The credits for Despair are impressive: Fassbinder just before the start of his great BRD Trilogy; a script from Tom Stoppard; a source novel from Nabokov; Dirk Bogarde in the starring role; longtime Fassbinder collaborator Michael Ballhaus as DP.
Bogarde plays Herman, a chocolatier, perhaps insane, who thinks he sees his doppelganger and arranges an elaborate, inane murder-insurance scheme.
I really like Nabokov’s novel, so I was at first disappointed with this film. One thing that, if I recall correctly, is vastly different (aside from the setting in Fassbinder’s film being changed to 1930s Germany), is that in the book we don’t realize that Herman doesn’t in fact look like his “double” until said information is revealed at the end. In the film, we see it immediately. It might even feel odd to those unfamiliar with the novel – why does Herman think he and the itinerant Felix (Klaus Lowitsch, a Fassbinder regular) look alike when they clearly don’t? It’s a nice turn in Nabokov’s novel: despite his sounding crazier and crazier, we still take the narrator at face value.
Despite that change, by the end Fassbinder and Nabokov turns out to be a beautiful pairing. Both favor a detached style and characters with an air of both naive invulnerability and arrogance; both look at fascism in some form (though that theme is much more prevalent in Fassbinder).
Lydia (Andrea Ferreol – I could’t think of where I know her from so I looked it up: It’s La Grande Bouffe!), is considerably more bug-eyed and ludicrous here-
-but then again it’s Fassbinder in basically his most melodramatic period, so the entire film is flamboyant. Check out Lydia and Herman’s apartment:
That looks like haze, but the gradients are more due to that white wall outside on the terrace. The place is gold-soaked and Herman looks at the prostrate Lydia like a tiny general staring at his prey. That apartment extends via an almost maze-like series of translucent glass, and Fassbinder really uses it to his advantage, sometimes as a visual joke-
-other times for a dizzyingly doubling effect-
-an effect which is rendered elsewhere throughout the film:
This is very much a movie about losing one’s personality or self, about stepping outside of one’s self (which Fassbinder represents quite literally early-on, with shots of Herman watching Lydia and Herman make love).
The films ends with a dedication:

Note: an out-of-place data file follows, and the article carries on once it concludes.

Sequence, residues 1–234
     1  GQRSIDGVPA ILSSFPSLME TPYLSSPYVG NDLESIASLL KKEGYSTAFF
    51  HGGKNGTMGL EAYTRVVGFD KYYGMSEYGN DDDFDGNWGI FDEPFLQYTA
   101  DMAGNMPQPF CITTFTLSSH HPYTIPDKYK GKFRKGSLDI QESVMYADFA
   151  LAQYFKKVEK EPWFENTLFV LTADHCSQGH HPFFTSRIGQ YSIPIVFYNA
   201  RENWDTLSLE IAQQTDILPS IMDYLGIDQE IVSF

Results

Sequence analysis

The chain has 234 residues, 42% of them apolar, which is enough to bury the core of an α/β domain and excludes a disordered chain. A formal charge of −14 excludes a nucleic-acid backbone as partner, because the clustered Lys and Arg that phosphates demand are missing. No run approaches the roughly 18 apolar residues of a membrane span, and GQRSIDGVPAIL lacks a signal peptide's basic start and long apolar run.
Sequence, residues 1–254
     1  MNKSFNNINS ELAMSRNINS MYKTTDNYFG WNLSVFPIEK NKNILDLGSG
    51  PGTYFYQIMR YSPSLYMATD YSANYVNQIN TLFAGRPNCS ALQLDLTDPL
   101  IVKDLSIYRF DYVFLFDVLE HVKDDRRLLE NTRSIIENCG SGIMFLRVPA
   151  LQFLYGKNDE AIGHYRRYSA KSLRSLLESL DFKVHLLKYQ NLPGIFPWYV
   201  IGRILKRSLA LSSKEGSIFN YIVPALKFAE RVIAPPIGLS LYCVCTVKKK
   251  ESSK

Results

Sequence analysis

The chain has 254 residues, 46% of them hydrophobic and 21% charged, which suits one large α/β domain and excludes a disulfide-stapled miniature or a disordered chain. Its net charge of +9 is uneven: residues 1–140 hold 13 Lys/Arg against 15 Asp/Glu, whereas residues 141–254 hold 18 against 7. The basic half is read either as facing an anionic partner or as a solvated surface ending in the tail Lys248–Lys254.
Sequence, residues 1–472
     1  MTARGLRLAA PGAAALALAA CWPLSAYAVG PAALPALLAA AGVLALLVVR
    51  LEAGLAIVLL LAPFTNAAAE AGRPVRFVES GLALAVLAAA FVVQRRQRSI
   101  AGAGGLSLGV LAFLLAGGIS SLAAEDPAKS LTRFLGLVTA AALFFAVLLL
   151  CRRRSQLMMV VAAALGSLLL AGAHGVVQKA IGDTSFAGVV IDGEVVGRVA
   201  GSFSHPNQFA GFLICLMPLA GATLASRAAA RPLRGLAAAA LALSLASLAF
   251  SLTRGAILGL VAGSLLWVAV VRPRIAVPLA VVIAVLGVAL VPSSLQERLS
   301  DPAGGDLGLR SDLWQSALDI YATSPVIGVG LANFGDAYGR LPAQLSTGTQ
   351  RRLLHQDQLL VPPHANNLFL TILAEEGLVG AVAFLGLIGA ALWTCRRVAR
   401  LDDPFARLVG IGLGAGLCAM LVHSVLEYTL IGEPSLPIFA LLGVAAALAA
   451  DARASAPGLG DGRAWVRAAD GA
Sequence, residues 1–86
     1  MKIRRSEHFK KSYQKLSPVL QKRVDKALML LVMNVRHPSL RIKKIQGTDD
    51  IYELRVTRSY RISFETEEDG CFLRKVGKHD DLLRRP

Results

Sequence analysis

I had to look up Unica Zurn. Check out some of her drawings:
A dedication to the mad artist, perhaps? Fassbinder, 4 years from his death, self-styling himself as a brilliant suicide case?
Like all Fassbinder films this one is also defined by sheer movement. Do Fassbinder characters ever sit still for longer than 30 seconds? It’s crazy how much his characters move and how perfectly he captures this with a complex camera. No wonder Ballhaus quit on him eventually: to be so prolific and insist on such complicated imagery must have taken its toll.
Here’s one example, a party of four: Herman, Lydia, Lydia’s brother Ardalion (Volker Spengler), and Muller (Peter Kern). This blocking example is incomplete, but I think still demonstrative of the movement at work in Despair.
With Lydia and Ardalion in the background, Herman turns towards camera, occupying the majority of the frame. Ardalion makes his way around the room and behind Herman:
Fassbinder pans with Ardalion, finding Muller frame right:
Muller approaches camera and lands momentarily in a close-up:
Muller continues past camera, and now we find Ardalion again:
Ardalion moves forward, this time with Lydia, and we catch them in a tight 2-shot closeup:
Lydia moves back into the room, and the focus pulls to Herman, now seated at his table, in an over-the-shoulder:
It’s not only that Fassbinder and Ballhaus’ camera constantly pans, dollies, and shifts focus here, it’s also that the actors pull this odd bit of circling off without a hitch. That’s what they do here: circle one-another persistently (we see that same bit of circling in earlier parts of the film; I remember noticing a similar, though considerably lesser strategy in Spielberg’s The Terminal years ago, though it didn’t have the same mood of vulturism, nor was it so long as to feel like being caught in a carousel).
Like so many of Fassbinder’s films, a character here thinks he has the upper hand, other characters are either trying to figure that person out, or are watching that person’s downfall from a very short distance. As the characters walk in circles and rotate around one-another you get the sense that they’re traveling a very far distance but not really getting anywhere at all.